The first two days that they were in The Middle of the Country, I checked my records with AT&T and saw texts and phone calls flying until 2 a.m. (eastern time, which is 1 a.m. in the MOTC – but most of their friends are here).

I wrote the Ex, despite many misgivings, and told him about the technology curfew, and the reason.  I was bracing myself for his response.  I expected:  “I do not need YOU to tell ME how to parent MY daughters!” As he has said to me many times in the past when I tried to share insights.  Because, well, he sees them 3 times a year, for very limited periods of time.

I was pleasantly surprised that instead, it seems like growth has taken place – perhaps because when they got off the plane and were suddenly towering over his new wife, he was petrified about how to handle them – and he took my advice.

This is progress.

But when they’re there – I’m still the parent.  We are the one they call with a problem.  I’m the one they call with requests. “Mom, I need a razor and shaving cream.”  “[Writer Dude] can you send me ___ a book?”  “We don’t have any games to play, can you guys send us some?”  “My flip-flops broke, can you get me more?”  If we tell them in response to ANY of the above “ask your father” they refuse.  Razor?  No – that’s embarrassing.  i can’t talk to him about that.  Books? No, he won’t do it.  (But the library!  I looked at a map, and I saw how close it is — we’re talking mere BLOCKS!  And free-ness!) Games?  Nope.  SHOES?  I mean, come on – SHOES?  Nope.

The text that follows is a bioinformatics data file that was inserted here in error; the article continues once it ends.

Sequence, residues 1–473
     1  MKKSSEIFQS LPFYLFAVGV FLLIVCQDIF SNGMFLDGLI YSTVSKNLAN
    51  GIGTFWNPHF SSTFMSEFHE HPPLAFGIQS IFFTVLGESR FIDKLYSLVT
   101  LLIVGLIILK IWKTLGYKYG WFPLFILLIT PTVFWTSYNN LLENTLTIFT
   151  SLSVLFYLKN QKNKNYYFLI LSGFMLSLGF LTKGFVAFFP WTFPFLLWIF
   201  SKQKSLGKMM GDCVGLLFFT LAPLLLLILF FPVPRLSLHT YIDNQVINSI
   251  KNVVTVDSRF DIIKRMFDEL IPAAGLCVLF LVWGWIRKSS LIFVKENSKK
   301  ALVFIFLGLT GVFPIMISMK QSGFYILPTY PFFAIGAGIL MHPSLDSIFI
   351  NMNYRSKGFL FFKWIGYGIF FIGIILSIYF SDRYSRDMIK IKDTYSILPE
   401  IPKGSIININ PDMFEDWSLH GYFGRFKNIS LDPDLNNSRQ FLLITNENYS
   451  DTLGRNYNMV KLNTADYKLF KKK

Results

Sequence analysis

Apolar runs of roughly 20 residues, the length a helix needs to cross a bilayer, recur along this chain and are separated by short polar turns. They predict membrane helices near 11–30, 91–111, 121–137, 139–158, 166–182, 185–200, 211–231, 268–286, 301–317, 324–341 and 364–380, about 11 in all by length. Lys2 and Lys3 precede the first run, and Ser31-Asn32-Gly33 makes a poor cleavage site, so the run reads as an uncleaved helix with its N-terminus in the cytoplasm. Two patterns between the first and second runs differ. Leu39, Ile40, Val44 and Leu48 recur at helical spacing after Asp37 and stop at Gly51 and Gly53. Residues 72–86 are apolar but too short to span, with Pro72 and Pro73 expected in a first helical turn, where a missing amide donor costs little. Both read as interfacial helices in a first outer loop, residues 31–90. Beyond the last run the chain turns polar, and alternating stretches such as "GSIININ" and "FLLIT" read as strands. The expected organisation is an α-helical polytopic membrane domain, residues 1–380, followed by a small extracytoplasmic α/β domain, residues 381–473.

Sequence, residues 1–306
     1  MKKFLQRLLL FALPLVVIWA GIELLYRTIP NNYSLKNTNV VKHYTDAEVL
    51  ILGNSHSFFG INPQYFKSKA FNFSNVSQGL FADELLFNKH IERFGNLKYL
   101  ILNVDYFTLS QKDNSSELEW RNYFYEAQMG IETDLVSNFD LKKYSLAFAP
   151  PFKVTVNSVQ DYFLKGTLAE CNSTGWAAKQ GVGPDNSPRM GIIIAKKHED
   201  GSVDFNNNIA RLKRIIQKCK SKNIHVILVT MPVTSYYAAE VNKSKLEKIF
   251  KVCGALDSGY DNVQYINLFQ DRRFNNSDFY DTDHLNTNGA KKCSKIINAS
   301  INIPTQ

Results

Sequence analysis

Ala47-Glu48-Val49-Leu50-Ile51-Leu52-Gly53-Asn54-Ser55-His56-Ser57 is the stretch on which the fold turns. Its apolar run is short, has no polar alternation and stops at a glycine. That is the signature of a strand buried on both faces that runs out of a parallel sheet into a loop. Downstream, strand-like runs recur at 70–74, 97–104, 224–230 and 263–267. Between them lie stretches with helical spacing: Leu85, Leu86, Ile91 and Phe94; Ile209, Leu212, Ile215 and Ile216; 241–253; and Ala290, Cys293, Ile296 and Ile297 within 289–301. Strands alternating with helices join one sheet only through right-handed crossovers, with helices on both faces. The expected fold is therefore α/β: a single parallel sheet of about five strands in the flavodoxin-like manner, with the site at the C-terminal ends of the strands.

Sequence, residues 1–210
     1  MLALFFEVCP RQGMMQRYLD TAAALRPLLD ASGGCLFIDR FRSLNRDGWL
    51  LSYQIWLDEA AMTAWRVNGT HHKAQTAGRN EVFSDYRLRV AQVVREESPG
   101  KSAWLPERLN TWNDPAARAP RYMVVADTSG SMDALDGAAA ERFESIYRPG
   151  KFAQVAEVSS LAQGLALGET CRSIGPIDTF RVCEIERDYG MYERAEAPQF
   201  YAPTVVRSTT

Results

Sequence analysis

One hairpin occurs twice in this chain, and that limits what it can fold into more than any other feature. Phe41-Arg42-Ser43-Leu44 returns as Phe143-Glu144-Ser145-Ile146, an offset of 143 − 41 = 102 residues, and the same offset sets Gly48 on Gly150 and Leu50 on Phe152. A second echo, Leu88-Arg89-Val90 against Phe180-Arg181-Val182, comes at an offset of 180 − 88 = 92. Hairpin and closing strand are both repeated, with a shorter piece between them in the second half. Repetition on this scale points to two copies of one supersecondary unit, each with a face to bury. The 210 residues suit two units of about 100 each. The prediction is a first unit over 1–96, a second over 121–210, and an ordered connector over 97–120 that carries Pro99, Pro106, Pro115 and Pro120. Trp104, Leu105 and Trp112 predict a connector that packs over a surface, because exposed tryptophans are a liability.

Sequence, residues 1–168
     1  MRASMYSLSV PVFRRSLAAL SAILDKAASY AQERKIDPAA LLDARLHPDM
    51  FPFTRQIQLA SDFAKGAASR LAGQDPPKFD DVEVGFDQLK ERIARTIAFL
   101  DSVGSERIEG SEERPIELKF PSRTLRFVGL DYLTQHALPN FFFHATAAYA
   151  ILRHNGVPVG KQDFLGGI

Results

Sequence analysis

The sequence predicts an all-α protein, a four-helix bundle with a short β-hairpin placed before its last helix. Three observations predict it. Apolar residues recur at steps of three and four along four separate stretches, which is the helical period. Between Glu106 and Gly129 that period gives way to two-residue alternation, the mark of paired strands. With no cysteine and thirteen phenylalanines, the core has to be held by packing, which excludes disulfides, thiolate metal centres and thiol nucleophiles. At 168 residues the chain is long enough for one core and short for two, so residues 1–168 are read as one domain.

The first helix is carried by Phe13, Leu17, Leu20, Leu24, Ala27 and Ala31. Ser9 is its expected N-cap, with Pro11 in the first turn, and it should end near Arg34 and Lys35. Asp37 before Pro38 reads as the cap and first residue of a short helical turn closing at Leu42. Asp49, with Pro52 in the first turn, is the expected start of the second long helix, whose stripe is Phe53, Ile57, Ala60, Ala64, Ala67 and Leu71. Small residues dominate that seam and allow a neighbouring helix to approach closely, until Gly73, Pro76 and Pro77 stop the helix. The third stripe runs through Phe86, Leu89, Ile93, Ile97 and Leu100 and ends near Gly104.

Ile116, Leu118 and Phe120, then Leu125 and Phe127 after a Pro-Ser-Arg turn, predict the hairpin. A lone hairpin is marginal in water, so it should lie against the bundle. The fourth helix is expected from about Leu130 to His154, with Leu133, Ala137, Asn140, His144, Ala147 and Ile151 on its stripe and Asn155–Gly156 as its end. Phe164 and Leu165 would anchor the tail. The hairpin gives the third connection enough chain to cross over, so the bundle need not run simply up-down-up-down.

So excuse me for not seeing him as a partner, or a parent, or someone I should defer to.

Writer Dude is an excellent parent.  He loves the girls completely, and he is so thoughtful and engaged.  Yet, it’s hard for me to allow him a firm grip on the parenting reigns.  Especially with Lemon, because she has been more resistant to him as a father-figure.  And I don’t do well at backing off.  At all.

It’s a struggle.  And a point of contention between WD and me.  He often wants a chance to just have a conversation with the girls (i.e., Lemon) without me stepping in to explain one or the other perspective.

This challenge – I’d like to make my week’s focus.

Challenge No. 20 Keep a Journal.

Just.  No.  I would have done this when my kids were little and I was an at-home mom.  But now?  Nope.

[This is my cheat.  Just not doing it.]

Challenge No. 21Fake It

I do this all the time.  My girls can piss me off with their eye rolls.  With their change-of-attitude-on-a-dime.  Am I really going to pick that battle?  No.  I am not.  I let it roll off me, and move forward.

I remember being their ages, and having my mother YELL at me to fix my “attitude.”  And I remember how bloody unlikely it was that being YELLED at was going to IMPROVE my attitude.  I hate that word.  “Attitude.”  I’ve gone with “you are being rude,” instead, because of those horrible memories (the benefit of being a young-ish mom – I have excellent memories of what I hated with a passion.)